Definitions for d-dayˈdiˌdeɪ
This page provides all possible meanings and translations of the word d-day
Random House Webster's College Dictionary
a day set for beginning something.
June 6, 1944, the day of the invasion of W Europe by Allied forces in World War II.
Origin of D-day:
1915–20; D (for day) +day
D-day, 6 June 1944(noun)
date of the Allied landing in France, World War II
June 6, 1944, the date during World War II when the Allies invaded western Europe.
The date of any major event planned for the future.
In the military, D-Day is the day on which a combat attack or operation is to be initiated. The best known D-Day is June 6, 1944 — the day of the Normandy landings — initiating the Western Allied effort to liberate mainland Europe from Nazi occupation during World War II. However, many other invasions and operations had a designated D-Day, both before and after that operation. The terms D-Day and H-Hour are used for the day and hour on which a combat attack or operation is to be initiated. They designate the day and hour of the operation when the day and hour have not yet been determined, or where secrecy is essential. For a given operation, the same D-Day and H-Hour apply for all units participating in it. When used in combination with numbers, and plus or minus signs, these terms indicate the point of time preceding or following a specific action. Thus, H−3 means 3 hours before H-Hour, and D+3 means 3 days after D-Day. Planning papers for large-scale operations are made up in detail long before specific dates are set. Thus, orders are issued for the various steps to be carried out on the D-Day or H-Hour minus or plus a certain number of days, hours, or minutes. At the appropriate time, a subsequent order is issued that states the actual day and times.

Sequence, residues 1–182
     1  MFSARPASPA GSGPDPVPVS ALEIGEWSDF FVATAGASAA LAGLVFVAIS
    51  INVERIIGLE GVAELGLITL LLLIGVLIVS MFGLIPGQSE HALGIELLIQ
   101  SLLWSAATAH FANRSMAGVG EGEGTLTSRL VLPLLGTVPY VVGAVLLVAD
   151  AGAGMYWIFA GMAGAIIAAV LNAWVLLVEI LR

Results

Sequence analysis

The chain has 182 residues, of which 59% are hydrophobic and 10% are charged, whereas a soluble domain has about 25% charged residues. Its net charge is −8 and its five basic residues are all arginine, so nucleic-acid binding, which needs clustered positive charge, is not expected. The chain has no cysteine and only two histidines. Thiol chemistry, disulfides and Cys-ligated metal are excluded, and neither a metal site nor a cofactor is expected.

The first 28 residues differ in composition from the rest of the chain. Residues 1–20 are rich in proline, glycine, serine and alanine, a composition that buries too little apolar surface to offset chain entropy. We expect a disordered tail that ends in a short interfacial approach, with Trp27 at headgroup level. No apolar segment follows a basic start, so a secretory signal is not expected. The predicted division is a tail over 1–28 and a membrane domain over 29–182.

Dictionary of Military and Associated Terms
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